Pointing in virtual spaces

What do classroom lectures, conference talks, sales presentations, whiteboard brainstorming sessions, and team planning meetings all have in common?

Teacher using a chalkboard

Small-scale teaching with a visual aid.

These are all examples of group attention where we gather in physical spaces and give our attention to a presenter.

Speaker at a conference

Large scale on a projector, but same in concept.

The presenter uses a visual aid—like a chalkboard, a slide deck, or a kanban board— to help the group come to a shared understanding about a topic. Such gatherings are an important part of our lives as learners and makers.

Now these gatherings are migrating online, with the presenter speaking into a webcam and the visual aid offered via screenshare.

Teaching a calculus class

Teaching calculus over screenshare.

The convenience and accessibility of virtual meetings is a huge win. But we also lose important cues compared to in-person meetings. For example: seeing where participants are directing their attention; gesturing to indicate a participant spatially; or raising your hand to indicate a desire to take the floor.

Next-gen videochat and virtual meeting startups like Around and Gather are working to fill in some of these missing social cues. And collaborative whiteboards like Miro and the just-released FigJam use nametags on cursors for awareness of where participants are directing their attention. But we expect that traditional videochat with screenshare will be the dominant method for some time yet, so what can we do within that?

On the Muse team, we’re most interested in the visual aid piece of the equasion. And one cue that connects participants to the visual aid is the act of pointing.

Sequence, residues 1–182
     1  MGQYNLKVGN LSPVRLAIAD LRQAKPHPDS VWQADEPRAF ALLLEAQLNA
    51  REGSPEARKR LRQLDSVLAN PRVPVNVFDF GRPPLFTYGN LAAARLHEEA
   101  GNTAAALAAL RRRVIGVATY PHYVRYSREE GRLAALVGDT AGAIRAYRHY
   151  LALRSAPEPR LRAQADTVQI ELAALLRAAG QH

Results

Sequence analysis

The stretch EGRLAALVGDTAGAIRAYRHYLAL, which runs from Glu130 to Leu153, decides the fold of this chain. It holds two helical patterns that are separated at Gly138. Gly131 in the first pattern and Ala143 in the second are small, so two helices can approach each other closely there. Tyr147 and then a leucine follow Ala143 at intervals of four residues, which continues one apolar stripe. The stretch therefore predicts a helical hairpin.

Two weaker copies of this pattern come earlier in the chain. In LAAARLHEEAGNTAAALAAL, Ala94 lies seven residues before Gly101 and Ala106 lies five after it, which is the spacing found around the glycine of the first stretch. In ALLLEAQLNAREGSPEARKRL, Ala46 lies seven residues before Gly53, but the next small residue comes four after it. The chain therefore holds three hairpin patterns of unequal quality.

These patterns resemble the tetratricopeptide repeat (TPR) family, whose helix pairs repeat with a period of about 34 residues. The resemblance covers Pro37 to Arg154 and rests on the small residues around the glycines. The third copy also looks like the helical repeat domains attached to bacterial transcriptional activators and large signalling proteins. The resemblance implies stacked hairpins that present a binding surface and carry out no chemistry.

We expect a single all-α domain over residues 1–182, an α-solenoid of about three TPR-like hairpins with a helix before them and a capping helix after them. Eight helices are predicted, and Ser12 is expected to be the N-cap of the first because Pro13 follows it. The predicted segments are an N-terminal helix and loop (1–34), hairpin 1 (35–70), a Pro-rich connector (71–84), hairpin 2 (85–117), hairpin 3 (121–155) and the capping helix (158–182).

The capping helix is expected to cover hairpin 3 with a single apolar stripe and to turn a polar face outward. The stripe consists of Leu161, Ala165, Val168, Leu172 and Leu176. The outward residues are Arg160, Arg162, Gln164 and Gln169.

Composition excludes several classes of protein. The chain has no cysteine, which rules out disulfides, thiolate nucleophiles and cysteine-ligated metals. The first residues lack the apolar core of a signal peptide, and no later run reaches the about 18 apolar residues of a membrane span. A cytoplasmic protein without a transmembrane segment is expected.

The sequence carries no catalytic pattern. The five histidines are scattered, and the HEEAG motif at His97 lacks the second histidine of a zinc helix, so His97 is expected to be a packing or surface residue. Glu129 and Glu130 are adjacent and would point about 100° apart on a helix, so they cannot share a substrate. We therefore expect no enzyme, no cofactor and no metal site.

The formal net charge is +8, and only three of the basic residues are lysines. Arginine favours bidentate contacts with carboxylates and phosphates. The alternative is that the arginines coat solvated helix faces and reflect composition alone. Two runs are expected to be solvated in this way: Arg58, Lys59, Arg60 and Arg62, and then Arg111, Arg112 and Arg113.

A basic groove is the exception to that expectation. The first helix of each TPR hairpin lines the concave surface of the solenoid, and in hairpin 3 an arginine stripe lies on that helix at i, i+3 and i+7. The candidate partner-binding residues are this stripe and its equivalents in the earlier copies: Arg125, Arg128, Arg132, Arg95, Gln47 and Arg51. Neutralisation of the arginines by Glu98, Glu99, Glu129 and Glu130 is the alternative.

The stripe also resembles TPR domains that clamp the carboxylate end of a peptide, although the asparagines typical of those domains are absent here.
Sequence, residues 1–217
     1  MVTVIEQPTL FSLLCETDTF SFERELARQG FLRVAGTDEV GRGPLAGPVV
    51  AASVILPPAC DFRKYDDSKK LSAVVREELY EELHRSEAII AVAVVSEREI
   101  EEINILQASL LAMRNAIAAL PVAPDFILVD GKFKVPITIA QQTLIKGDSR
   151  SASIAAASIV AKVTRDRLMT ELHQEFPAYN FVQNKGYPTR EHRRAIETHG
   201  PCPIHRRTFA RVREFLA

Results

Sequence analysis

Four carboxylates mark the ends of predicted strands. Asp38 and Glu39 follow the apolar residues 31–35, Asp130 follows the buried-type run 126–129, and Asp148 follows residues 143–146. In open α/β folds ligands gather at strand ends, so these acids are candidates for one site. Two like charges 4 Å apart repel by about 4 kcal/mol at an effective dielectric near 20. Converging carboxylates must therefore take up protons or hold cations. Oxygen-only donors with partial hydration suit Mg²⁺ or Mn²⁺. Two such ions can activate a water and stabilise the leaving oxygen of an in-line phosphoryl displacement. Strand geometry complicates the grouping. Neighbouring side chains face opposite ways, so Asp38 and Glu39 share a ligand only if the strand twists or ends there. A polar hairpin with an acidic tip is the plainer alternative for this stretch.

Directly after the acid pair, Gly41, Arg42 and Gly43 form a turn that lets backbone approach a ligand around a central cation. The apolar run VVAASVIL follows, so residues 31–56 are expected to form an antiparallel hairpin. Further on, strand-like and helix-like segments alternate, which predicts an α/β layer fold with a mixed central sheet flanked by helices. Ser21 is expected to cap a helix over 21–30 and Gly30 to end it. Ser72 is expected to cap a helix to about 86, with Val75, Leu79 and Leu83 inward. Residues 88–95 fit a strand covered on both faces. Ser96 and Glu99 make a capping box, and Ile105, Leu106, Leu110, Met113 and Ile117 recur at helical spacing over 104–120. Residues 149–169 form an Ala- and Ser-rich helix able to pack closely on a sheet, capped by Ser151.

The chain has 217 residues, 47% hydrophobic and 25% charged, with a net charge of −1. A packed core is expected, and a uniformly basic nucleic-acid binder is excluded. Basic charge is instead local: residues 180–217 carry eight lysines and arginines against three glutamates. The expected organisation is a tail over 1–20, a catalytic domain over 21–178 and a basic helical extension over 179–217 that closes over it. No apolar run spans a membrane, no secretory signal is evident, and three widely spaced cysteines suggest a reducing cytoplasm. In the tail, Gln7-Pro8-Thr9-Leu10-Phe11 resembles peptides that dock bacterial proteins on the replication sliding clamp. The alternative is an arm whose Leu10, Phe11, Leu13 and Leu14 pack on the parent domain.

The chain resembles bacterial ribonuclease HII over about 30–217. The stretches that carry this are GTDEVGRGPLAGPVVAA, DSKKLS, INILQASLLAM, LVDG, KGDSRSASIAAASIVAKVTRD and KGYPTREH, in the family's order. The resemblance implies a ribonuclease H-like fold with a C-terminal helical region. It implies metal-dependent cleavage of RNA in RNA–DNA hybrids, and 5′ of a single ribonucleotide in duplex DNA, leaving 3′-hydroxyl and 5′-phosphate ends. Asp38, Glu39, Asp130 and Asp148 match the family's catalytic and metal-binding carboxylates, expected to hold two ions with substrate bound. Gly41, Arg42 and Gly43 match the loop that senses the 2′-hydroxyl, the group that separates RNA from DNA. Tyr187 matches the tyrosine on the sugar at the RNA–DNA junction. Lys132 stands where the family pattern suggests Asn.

Person pointing to a whiteboard Another person pointing to a whiteboard

When explaining a concept, the presenter (or a question-asker in the audience) uses a hand gesture to draw attention to part of the visual aid. It says “look at this spot” but can also draw attention to, for example, the shape of a plot. This can be with a finger or hand, but it’s also often with an implement like a whiteboard marker, a pointing stick, or a laser pointer.

When we come to visual aids over screenshare, most of these methods for pointing can't be used. Presenters in digital spaces thus tend to use folk practices to replace pointing such as:

What about the built-in annotation tools in screenshare? Despite being explicitly for this purpose, our observation is that these are rarely used in real life. Perhaps because screenshare is a separate layer from the visual aid itself, users are less likely to reach for the annotation tools.

Zoom's annotation toolbar

Not often used, unfortunately.

An iPad feels like a natural tool to use as a digital chalkboard. And we’ve seen Muse users do this very thing by connecting their iPad to screenshare and using a board as a visual aid in a presentation, or as a shared space during a planning or brainstorming meeting.

Team planning meeting

Julia from the Muse team leads a planning meeting.

Workshop on sync technology

Mark from the Muse team presents on local-first syncing technology at an Ink & Switch workshop.

In the second screenshot above, Mark is using the selection tool to point to an area of his diagram—very similar to selecting text in a text editor or Google Doc to “point” to it. That led us to think we could make this behavior into a first-class Pencil tool more suited to the purpose.

So starting in Muse 1.5.6, you can customize your Pencil Toolkit with a presenter pen in two neon colors (orange and cyan) and a subtle gray.

Ink created by the presenter pen is thick and bold with a bright neon color, to aid its utility in drawing attention. Ink from the presenter pen will fade out after a few seconds. Thus it feels more safe because you can’t change anything, and can scribble all over your boards, PDFs, or images.

The neon colors are designed to draw attention for your audience; the gray color is for light temporary sketching as a thinking aid—or just for fidgeting.

We hope the presenter pen will be easier to reach for than screenshare annotation tools, because it’s part of the visual aid toolkit rather than a layer over the top. And while the presenter pen is a very small step toward Muse as an effective visual aid, we hope it points the direction of things to come.

Do you use Muse over screenshare? Tweet us or email us a screenshot.

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